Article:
From the mid-1970s to the mid-1990s when technology for background checks was not at all sophisticated, the U.S. took in 182,000 Vietnamese and 169,000 former Yugoslavia refugees. Both of these groups were fleeing wars and conditions just as brutal as the Syrian civil war. These large droves of refugees also faced pushback from American political leaders, but the refugee program still worked efficiently to welcome these groups regardless of the unwarrantable criticism.
Interestingly, the largest refugee group the U.S. has taken in recent history is from the former Soviet Union, of which the U.S. accepted 380,000. The U.S. was able to take so many because of a law passed in 1989, which granted special status to Jews who did not have to prove religious persecution in order to gain refugee status and leave the Soviet Union. This law went against the international definition of a refugee established by the United Nations High Commission on Refugees (UNHCR). According to the UNHCR, a refugee is someone who has been forced to leave their country in order to escape, war, natural disaster, or persecution based on race, religion, nationality, or membership of a particular social group.
Congress supported this change in refugee definition so much that it became a temporary law, and was applied only to one group of people. An observation like this forces an onlooker to wonder why the government shows favorability to one group over all others in a refugee program designed to consider all applicants referred by the UN. Additionally, it’s unclear why all major conflicts that provoke humanitarian crises as enormous as the Syrian civil war do not get special recognition and help from Congress.
These comparisons are put further into perspective by the Rwandan genocide, one of the deadliest and most gruesome wars in the history of the world. Occurring at the same time as the collapse of the Soviet Union, the Rwandan genocide left over 2.3 million people as refugees, but the U.S. only took in just under 1,500 Rwandans who fled ethnic persecution. So while the U.S. was making it easier for Soviet Jews not facing persecution to enter into the country, millions around the world who actually had the need for a safe haven were not granted one.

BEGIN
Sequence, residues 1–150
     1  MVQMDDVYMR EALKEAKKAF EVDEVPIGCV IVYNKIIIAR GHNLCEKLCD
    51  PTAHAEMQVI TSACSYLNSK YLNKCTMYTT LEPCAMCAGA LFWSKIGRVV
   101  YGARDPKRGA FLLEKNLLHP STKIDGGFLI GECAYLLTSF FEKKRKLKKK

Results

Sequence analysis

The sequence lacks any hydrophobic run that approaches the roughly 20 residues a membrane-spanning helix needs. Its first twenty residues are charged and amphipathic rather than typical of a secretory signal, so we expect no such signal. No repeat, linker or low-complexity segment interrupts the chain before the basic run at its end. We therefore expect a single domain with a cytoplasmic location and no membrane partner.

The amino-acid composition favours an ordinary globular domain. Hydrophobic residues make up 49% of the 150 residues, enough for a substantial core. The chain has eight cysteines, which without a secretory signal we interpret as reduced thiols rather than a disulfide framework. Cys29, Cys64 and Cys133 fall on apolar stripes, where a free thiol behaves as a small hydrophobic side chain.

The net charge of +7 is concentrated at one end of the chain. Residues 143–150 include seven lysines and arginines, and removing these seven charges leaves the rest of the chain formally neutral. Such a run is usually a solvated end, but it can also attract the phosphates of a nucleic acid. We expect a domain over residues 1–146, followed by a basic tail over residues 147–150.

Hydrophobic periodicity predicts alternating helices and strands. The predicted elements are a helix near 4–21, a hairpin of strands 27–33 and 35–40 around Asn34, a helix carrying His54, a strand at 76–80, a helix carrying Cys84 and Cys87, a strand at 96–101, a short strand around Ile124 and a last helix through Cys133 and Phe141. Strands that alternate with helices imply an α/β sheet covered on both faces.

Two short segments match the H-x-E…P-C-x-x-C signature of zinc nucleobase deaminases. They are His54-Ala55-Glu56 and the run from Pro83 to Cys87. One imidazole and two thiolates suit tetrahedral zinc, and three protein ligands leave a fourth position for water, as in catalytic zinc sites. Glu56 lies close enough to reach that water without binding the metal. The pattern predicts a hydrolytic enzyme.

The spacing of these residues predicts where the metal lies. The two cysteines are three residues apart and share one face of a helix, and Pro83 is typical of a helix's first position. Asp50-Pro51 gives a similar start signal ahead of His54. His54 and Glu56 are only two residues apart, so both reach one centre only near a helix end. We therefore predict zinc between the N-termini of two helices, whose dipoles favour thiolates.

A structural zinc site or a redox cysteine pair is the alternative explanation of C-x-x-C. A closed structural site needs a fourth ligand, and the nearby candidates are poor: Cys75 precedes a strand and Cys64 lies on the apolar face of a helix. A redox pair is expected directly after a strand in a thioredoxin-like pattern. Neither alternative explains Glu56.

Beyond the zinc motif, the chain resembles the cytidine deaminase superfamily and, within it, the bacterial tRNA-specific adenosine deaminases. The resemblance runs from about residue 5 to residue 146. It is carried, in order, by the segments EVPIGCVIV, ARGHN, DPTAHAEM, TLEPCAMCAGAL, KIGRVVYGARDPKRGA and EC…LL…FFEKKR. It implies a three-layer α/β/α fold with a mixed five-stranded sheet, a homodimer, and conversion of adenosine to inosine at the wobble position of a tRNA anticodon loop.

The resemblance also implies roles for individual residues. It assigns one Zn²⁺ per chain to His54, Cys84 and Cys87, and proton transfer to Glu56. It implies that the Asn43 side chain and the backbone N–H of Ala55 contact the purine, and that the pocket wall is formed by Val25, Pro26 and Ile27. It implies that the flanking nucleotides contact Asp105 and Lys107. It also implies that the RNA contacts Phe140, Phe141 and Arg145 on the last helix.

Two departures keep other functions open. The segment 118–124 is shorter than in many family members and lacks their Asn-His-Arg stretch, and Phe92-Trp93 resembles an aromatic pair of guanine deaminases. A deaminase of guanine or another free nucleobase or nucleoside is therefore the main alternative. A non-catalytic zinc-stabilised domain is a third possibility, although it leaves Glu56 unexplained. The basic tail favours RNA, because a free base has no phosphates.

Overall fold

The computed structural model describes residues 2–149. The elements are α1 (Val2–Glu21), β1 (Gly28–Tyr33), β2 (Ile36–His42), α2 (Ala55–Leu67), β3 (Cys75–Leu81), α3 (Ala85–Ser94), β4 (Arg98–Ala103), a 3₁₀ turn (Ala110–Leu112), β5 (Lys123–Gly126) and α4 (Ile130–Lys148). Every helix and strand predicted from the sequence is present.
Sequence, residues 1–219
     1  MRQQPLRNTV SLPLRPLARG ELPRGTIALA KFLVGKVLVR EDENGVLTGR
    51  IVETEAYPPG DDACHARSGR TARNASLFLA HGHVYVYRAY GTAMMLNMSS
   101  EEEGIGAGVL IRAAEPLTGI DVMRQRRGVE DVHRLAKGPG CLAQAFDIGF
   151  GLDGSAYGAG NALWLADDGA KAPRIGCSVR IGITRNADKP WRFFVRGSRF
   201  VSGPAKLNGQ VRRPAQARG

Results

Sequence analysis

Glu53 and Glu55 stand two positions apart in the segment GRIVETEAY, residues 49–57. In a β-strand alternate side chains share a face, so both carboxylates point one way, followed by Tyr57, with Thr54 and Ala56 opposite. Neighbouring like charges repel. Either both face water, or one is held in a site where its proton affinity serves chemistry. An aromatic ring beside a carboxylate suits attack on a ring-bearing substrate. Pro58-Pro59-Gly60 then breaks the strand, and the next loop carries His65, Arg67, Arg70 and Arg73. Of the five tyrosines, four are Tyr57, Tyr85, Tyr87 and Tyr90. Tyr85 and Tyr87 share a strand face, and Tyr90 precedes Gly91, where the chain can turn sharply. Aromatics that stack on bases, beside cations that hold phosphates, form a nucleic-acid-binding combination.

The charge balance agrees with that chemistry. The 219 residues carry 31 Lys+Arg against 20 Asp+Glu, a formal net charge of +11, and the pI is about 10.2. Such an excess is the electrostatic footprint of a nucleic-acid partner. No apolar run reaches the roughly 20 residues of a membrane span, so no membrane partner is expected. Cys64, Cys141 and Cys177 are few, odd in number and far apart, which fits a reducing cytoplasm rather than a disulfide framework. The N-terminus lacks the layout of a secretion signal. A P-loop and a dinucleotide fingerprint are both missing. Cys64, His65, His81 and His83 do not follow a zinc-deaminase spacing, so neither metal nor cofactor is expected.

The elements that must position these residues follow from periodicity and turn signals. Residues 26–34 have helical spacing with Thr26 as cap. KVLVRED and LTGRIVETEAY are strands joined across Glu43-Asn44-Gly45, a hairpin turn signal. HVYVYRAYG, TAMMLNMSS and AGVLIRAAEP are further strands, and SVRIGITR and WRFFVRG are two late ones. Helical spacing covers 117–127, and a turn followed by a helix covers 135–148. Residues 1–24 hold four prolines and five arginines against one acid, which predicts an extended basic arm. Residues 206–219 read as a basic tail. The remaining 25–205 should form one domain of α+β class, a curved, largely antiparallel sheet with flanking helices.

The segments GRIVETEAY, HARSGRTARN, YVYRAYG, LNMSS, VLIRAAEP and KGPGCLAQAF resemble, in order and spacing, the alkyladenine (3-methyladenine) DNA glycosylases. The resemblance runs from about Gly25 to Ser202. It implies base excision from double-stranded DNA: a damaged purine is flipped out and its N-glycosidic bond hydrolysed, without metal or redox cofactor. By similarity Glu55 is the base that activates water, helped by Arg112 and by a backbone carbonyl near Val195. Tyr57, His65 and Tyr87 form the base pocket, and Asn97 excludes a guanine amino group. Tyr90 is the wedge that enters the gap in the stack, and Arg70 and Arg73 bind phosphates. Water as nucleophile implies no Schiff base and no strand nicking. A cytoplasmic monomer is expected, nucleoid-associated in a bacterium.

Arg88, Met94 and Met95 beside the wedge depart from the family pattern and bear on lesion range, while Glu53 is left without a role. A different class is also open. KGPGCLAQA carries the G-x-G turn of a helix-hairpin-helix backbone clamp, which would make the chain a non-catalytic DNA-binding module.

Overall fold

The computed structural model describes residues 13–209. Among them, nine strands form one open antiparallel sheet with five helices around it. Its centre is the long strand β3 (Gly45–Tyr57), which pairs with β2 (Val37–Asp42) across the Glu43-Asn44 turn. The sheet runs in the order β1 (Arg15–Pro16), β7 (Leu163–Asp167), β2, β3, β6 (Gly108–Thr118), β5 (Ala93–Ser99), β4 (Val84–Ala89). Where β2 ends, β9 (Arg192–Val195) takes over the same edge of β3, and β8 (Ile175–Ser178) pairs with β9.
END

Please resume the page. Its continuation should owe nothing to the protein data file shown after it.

The Syrian humanitarian crisis is not a fad. It should not dominate the news only when a little boy washes up on a Turkish beach or when a boat capsizes. The Obama administration cannot let the anti-Assad stance or fear of Islamic terrorism affect those refugees who met all requirements in order to live safely in the U.S. Refugees are people in need, not a political scapegoat to incite fear and enact racist laws.
The government has six more months to fulfill their promise of bringing in a mere 10,000 Syrian refugees. With the exceptional flow of refugees moving from the Middle East to Asia Minor, this seems like the right time for Congress to pass a special law that would speed up the refugee screening process, as well an increase in the number of refugees the U.S. will welcome in fiscal year 2017.